When used as a tool to positively change the world, homeschooling can be a disruptive way to transform education. Moving outside traditional education systems, youth engagement in homeschooling provides tangible, meaningful, everyday action that young people can lead, learn from and grow through.
Your life, time, and brain should belong to you, not to an institution. — Grace Lwellyn
How to Foster Youth Engagement in Homeschooling
Youth-Led Learning — Determining their own course for learning and their own tools for assessment can provide young people with powerful new ways to envision and enact social change. Through self-ownership, access to tools and youth/adult partnerships, young people can focus their learning on social change, moving from studying to acting to transforming their lives and their lives of those around them, too.
Homeschooling for Social Change — Children and youth can change the world when learning outside schools focuses on how to transform their own lives and the world around them. Traditional core curriculum in schools, including math, science, literature, and more can all focus on social change, and when adults transform opportunities for this learning with students, they can form transformative youth/adult partnerships, too.
Learning Outside Schools — School doesn’t have to be a prison sentence, learning doesn’t have to be adult-led, and education doesn’t only happen in education systems. Instead, learning happens throughout our society all the time, whether through video games, advertising, mentorships, apprenticeships, work, or elsewhere. Young people can take ownership of their learning and discover new ways, new topics, and new outcomes everyday.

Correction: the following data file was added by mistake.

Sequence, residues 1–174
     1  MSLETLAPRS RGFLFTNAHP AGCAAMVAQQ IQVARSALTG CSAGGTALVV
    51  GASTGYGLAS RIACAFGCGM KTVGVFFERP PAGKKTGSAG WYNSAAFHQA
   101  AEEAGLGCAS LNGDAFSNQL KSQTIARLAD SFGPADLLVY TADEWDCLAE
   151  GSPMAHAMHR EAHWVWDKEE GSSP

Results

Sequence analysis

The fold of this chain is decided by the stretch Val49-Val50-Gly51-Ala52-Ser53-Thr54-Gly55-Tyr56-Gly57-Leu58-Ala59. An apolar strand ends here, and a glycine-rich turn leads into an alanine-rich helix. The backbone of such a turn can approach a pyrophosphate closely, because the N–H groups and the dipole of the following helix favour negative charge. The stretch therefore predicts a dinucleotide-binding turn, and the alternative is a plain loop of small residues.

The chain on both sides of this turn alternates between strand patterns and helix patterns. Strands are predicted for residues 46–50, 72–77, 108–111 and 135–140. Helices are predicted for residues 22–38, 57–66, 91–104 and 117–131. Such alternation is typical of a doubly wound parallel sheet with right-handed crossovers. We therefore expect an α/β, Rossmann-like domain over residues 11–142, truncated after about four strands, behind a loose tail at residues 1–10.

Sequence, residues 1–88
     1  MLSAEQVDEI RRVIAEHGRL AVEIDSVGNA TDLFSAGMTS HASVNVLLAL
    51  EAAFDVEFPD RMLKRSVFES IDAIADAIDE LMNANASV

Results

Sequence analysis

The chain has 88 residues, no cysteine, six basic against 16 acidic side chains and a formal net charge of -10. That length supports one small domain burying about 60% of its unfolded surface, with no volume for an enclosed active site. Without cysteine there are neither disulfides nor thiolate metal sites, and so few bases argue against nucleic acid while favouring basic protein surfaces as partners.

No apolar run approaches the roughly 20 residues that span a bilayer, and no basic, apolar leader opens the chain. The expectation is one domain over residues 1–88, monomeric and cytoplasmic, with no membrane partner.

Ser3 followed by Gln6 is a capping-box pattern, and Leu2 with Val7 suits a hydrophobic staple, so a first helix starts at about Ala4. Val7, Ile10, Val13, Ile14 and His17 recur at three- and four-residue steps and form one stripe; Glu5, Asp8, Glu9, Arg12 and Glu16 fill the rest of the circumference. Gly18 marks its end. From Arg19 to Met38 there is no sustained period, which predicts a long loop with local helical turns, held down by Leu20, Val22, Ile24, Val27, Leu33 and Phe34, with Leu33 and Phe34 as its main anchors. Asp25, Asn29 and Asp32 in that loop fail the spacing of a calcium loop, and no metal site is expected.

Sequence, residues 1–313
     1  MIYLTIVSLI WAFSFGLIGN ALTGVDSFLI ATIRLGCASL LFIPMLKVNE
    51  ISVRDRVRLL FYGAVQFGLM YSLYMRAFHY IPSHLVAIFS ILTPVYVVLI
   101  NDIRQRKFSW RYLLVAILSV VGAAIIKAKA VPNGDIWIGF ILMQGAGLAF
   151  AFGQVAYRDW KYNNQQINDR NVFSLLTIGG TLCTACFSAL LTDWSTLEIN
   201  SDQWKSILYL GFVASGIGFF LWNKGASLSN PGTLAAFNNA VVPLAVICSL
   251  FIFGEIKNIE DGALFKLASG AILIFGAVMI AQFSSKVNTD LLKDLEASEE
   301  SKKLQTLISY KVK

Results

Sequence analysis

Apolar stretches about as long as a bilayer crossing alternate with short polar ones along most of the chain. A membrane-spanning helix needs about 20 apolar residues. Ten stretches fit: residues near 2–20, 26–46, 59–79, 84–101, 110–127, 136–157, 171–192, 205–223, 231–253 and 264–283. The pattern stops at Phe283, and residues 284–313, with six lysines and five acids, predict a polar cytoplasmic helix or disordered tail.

Needs for Youth Engagement in Homeschooling
Inspiration — Homeschooling can seem alien, scary and really challenging to youth who’ve grown up in traditional schools (and adults too!). Inspiration, including stories from people who have done it before them, can be a key to overcoming the challenges and moving ahead with owning your own learning in life.
Education — Learning about education isn’t an activity that should only happen within the traditional education system. Homeschooling youth can learn about learning, learn about teaching, learn about formal and informal learning, and much more. Educating students about education can be one of the most powerful, substantive and transformative things young people gain from homeschooling.
Technology — While its not required and shouldn’t be used all the time, technology can be a powerful tool for learning outside of schools. Young people can use texting, the Internet, cellular technology, apps, and a variety of tools for accessing information, creating information and knowledge, sharing their learning, and much more.
You Might Like…
- Not Back To School Camp
- Rise Above School: Making the Critical Decision to Abandon School and Embrace Home Education by Jeffrey Till
- Alternative Education Resource Organization
Other tools are out there, too – share your thoughts in the comments below! For more information about how The Freechild Project can support youth engagement in homeschooling in your community or organization, contact us.
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